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Mobile money adoption drives Nigeria’s banking penetration to record high


Higher adoption of mobile money is driving the growth of account ownership in financial institutions particularly in Sub-Saharan Africa (SSA) countries like Nigeria, a recent 2021 Global Findex report by World Bank has said.

An analysis of the report titled ‘Financial Inclusion, Digital Payments, and Resilience in the Age of COVID-19, showed that Nigeria’s banked population increased by 15.6 percentage points to 45.3 percent in 2021, the highest in 10 years from 29.7 percent in 2011.

The 45.3 percent put Africa’s biggest economy in the 18th position out of 25 SSA countries.

A further analysis also showed that the percentage of women with bank accounts rose by 8.5 percent to 34.5 percent while the number of men who own bank accounts increased by 22.1 percent to 55.5 percent.

“Mobile money has become an important enabler of financial inclusion in Sub-Saharan Africa especially for women as a driver of account ownership and of account usage through mobile payments, saving, and borrowing,” the report stated.

The Global Findex Database has become a mainstay of global efforts to promote financial inclusion. Launched with funding from the Bill & Melinda Gates Foundation, the database has been published every three years since 2011.

Despite the improvement, Nigeria still has a high unbanked rate of 54.7 percent. The World Bank reports that Nigeria, India, China are among the countries contributing to the global unbanked population.

“Globally, about 1.7 billion adults remain unbanked without an account at a financial institution or through a mobile money provider. Because account ownership is nearly universal in high-income economies, virtually all these unbanked adults live in the developing world.

“Indeed, nearly half live in just seven developing economies such as Bangladesh, China, India, Indonesia, Mexico, Nigeria, and Pakistan.

The report also highlighted that Mauritius (90.5 percent), South Africa (85.4 percent), Kenya (79.2 percent), Namibia (71.4 percent) and Ghana (68.2 percent) are the five SSA countries with the highest percentage of banked population while South Sudan, Sierra Leone, Guinea, Burkina Faso and Malawi are the least five with 5.8 percent, 28.9 percent, 30.4 percent, 36.1 percent and 42.7 percent respectively.

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On the improvement for Nigeria, Temitope Omosuyi, an Investment Strategy Analyst at Afrinvest Limited noted that it is slow progress and that the country still has a long way to go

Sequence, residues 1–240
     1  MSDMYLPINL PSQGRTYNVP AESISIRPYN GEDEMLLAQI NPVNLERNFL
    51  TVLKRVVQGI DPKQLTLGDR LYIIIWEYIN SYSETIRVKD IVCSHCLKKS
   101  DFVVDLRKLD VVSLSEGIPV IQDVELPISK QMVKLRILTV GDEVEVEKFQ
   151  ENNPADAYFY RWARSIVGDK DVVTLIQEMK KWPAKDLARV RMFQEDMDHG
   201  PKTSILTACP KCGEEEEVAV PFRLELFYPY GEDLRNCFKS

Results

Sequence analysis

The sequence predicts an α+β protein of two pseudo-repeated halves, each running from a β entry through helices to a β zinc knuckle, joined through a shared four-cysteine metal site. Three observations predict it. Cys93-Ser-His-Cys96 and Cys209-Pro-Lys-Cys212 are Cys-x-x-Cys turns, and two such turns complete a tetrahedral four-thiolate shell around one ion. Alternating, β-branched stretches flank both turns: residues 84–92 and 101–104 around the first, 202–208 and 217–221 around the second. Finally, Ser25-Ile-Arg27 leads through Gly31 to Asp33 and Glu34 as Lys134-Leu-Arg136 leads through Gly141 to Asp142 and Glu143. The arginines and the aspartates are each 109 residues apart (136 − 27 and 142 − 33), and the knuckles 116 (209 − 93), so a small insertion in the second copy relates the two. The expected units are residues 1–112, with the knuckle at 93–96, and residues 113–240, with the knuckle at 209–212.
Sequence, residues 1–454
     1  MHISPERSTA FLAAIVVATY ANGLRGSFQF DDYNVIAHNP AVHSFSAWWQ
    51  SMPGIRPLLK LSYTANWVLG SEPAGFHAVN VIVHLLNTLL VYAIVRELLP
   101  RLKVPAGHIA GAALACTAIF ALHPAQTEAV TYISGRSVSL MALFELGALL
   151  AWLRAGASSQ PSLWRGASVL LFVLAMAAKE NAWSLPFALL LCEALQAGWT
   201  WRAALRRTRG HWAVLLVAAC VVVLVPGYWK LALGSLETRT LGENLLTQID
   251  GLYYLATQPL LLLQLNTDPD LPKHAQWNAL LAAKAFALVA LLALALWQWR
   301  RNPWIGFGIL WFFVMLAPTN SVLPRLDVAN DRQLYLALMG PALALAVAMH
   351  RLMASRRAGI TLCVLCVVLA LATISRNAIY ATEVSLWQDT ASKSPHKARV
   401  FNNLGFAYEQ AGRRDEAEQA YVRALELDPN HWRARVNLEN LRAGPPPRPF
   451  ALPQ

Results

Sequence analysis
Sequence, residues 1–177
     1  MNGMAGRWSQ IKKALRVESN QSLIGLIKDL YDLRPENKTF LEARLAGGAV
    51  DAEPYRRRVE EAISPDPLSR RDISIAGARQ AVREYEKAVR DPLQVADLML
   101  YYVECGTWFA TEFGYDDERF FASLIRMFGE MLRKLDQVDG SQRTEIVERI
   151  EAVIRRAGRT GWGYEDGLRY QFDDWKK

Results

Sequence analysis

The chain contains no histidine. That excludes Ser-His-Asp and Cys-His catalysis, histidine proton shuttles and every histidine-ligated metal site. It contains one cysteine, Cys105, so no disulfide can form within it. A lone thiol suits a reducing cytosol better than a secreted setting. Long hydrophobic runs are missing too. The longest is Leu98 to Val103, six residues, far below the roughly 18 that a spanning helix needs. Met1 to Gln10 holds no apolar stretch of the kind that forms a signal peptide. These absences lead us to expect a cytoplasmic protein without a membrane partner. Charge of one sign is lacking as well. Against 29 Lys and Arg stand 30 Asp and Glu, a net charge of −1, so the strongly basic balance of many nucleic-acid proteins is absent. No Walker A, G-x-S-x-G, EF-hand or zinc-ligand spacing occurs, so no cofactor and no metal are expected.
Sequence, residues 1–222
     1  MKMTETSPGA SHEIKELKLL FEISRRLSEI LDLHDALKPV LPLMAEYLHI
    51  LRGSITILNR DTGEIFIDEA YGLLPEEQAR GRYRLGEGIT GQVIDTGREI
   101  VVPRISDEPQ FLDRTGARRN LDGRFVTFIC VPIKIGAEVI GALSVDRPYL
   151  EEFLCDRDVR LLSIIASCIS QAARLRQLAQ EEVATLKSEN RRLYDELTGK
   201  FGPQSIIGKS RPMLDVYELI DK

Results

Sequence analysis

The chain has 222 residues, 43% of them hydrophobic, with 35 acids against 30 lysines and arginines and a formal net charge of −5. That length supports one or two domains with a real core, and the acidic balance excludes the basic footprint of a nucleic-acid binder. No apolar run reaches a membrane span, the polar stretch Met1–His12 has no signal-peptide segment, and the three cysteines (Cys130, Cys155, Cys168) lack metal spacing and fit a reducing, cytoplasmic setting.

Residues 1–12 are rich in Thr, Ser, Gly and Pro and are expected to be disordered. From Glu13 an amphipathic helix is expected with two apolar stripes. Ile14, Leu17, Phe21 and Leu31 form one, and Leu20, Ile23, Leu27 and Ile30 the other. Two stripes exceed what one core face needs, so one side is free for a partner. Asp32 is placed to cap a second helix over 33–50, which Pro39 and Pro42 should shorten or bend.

“For monetary policy to become extremely effective in achieving its objectives such as reducing inflation and ensuring financial stability, they need more people in the financial system,” Omosuyi said.

Data from Nigeria Inter-Bank Settlement System (NIBSS) and other sources shows that the volume and value of electronic financial transactions increased following the pandemic, and some financial services.

According to NIBSS, the volume of transactions through mobile devices rose by 128.4 percent to 153 million in the first four months (January-April) of 2022 from 67 million in the same period last year,

“We now have technology making businesses better and easier. It is also in line with the Central Bank of Nigeria (CBN)’s plan to drive financial inclusion in the country,” said Ayodele Akinwunmi, senior relationship manager, Corporate Banking Group, FSDH Merchant Bank

Financial inclusion means that people have access to basic financial services like a savings account, credit and insurance. It has continued to assume increasing recognition across the globe among policy makers, researchers and development oriented agencies.

Its importance derives from the promise it holds as a tool for economic development, particularly in the areas of poverty reduction, employment generation, wealth creation and improving welfare and general standard of living.

A higher exclusion rate in Nigeria could lead to a poorer population as lack of access to credit and insurance puts them at an economic disadvantage.

That is why in 2012, the CBN in collaboration with stakeholders launched the National Financial Inclusion Strategy aimed at increasing the inclusion rate to 80 percent by 2020.

And with 45.3 percent of the banked population, it shows that the country missed out its target. Thus, the CBN has set a new target of 95 percent by 2024 which is believed to be achievable by exploring new techniques and policies such as the Licensing and Regulatory Guidelines for Payment Service Banks, the Shared Agent Network Expansion Facility and generally providing the conducive regulatory environment for fintechs to contribute to financial inclusion.



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